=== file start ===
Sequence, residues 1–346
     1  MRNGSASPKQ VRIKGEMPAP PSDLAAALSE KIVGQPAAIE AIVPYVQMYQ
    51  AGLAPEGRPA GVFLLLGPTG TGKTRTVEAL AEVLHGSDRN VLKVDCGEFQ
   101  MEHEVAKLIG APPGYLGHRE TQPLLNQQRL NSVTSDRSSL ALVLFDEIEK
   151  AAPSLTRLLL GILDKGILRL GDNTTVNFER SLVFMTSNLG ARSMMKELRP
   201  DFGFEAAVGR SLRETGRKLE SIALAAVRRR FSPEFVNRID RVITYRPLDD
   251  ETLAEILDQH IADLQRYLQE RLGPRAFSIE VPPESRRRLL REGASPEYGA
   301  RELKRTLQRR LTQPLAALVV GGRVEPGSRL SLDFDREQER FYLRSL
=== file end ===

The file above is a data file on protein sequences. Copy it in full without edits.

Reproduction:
Sequence, residues 1–346
     1  MRNGSASPKQ VRIKGEMPAP PSDLAAALSE KIVGQPAAIE AIVPYVQMYQ
    51  AGLAPEGRPA GVFLLLGPTG TGKTRTVEAL AEVLHGSDRN VLKVDCGEFQ
   101  MEHEVAKLIG APPGYLGHRE TQPLLNQQRL NSVTSDRSSL ALVLFDEIEK
   151  AAPSLTRLLL GILDKGILRL GDNTTVNFER SLVFMTSNLG ARSMMKELRP
   201  DFGFEAAVGR SLRETGRKLE SIALAAVRRR FSPEFVNRID RVITYRPLDD
   251  ETLAEILDQH IADLQRYLQE RLGPRAFSIE VPPESRRRLL REGASPEYGA
   301  RELKRTLQRR LTQPLAALVV GGRVEPGSRL SLDFDREQER FYLRSL